harshal deshpande wrote:that is why i am posting here same question "why to use abstract methods??" and "what are their advantages".
Simply put: They allow you to separate design from implementation, or the "what" from the "how".
When you start creating more complex classes, you'll discover that the first thing you need to know is what it does. You DON'T need to know how it does it; and worrying about that prematurely can often get in the way of what you're trying to concentrate on: Design.
One of the very first books I read about OO programming had this quote on Page 1:
Lucius Cary, 2nd Viscount Falkland wrote:When it is not necessary to make a decision, it is necessary NOT to make a decision.
and abstract methods are one tool for doing this. They allow you to define the "what", and postpone decisions about "how" until you're ready to make them.
The above only scratches the surface; but hopefully it'll get you started.
Bats fly at night, 'cause they aren't we. And if we tried, we'd hit a tree -- Ogden Nash (or should've been).
Articles by Winston can be found here
As you probably know, abstract methods are used in the context of abstract classes (any class with an abstract method is automatically abstract). Are you familiar with that concept?
These methods actually represent placeholders for concrete implementation of some functionality implemented in subclasses.
Suppose you want to implement a Java program that will work with geometry object (e.g. polygons). Now, once you start implementing Polygon class you'll try to encapsulate as much of the features that all polygons have in common, like list of points representing vertices, methods for calculating area or cicumference of it. On the other hand, you can't know in advance how many vertices a polygon will have, so you can't provide a useful implementation of these methods (well, you might, but let's say you can't for the purpose of example). That's when you handle the situation with abstract methods.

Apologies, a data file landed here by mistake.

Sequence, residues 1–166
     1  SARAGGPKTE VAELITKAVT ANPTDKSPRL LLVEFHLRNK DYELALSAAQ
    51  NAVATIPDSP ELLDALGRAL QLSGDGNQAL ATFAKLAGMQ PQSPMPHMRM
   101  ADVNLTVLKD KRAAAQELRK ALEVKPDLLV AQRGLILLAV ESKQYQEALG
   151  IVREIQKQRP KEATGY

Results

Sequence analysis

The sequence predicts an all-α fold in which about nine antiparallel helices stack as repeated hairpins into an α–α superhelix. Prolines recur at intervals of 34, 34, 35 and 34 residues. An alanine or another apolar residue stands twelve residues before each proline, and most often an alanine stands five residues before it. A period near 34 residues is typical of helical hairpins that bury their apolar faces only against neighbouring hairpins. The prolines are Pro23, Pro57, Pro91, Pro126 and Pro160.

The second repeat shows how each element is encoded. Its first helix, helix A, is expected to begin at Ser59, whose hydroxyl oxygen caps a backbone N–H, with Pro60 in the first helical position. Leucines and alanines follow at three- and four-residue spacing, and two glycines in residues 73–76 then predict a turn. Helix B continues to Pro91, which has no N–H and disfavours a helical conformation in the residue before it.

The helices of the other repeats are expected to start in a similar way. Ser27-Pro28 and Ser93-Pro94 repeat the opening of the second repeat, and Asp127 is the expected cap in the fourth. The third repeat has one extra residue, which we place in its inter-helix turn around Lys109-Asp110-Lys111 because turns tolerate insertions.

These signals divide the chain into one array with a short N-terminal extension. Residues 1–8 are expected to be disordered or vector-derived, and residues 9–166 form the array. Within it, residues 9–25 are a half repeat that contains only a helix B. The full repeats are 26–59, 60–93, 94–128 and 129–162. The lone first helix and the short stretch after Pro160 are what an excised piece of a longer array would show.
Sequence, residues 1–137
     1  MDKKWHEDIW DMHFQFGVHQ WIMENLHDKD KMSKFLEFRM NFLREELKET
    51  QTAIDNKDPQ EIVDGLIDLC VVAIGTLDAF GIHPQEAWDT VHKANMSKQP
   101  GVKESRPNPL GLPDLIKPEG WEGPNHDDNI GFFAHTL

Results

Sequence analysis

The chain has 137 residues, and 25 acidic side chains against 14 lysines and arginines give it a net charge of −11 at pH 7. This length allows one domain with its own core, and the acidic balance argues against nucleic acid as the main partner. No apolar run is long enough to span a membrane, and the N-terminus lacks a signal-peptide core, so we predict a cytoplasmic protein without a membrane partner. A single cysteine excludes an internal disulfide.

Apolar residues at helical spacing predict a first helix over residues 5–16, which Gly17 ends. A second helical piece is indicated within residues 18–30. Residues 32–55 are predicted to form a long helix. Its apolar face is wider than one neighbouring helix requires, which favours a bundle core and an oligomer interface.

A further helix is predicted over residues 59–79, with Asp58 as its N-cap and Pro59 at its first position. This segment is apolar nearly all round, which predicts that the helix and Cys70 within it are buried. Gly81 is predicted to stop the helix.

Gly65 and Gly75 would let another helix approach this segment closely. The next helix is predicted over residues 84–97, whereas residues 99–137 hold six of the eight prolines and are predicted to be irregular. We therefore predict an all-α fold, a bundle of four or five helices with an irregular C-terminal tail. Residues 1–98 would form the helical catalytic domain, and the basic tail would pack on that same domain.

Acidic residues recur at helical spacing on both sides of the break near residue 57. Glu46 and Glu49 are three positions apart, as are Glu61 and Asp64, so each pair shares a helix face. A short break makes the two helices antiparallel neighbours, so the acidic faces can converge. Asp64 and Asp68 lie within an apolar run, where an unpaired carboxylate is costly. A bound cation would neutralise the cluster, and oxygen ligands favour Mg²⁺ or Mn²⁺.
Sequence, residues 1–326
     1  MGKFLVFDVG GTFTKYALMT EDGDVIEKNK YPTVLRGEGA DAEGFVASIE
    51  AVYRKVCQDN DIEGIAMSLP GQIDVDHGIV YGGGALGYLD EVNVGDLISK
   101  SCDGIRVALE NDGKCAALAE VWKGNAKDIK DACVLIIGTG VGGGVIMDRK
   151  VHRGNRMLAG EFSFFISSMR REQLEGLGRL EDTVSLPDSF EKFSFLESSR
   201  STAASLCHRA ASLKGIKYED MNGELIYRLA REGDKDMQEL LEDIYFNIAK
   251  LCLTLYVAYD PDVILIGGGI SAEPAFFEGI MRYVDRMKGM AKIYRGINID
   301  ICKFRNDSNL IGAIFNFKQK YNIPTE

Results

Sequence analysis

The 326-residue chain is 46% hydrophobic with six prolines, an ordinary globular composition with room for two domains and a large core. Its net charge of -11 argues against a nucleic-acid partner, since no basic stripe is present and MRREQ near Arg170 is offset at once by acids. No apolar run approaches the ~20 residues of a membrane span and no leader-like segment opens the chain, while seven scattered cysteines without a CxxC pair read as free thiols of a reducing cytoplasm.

Now, you can define the class representing the simplest polygon - Triangle as:
Note that all the concrete implementations from Polygon class are inherited in subclasses.
As Winston said in it's reply and you can probably notice that, by using abstract methods you just say what functionality subclasses should provide, and that's it. It is for subclasses to implement that functionality, and inherit the default behavior you might put in your superclass (the abstract one). It is that common behavior that makes you use them instead of interfaces.
The quieter you are, the more you are able to hear.
To add to what Kemal illustrated:- What he has shown you is commonly called the template pattern. Template pattern is built using abstract classes. You might want to google template pattern if you want to find more examples.
Abstract classes are those classes which contain abstract, i.e. non-implemented methods. Abstract classes are mainly used in inheritance using which we can acheive type compatiblity and extensibility.
It can be better expressed as follows:
Suppose you have a student class which is abstract having a method public abstract void study(). Also, there is one CollegeStudent class and one SchoolStudent class, both of which extend the Student class. Now both the CollegeStudent and SchoolStudent both study but in a different manner. So they both override the method study from the Student class and write the implementation specific to them.
Hence, we can conclude that using abstraction we can acheive extensibility and type compatiblity, which are the main use of inheritance.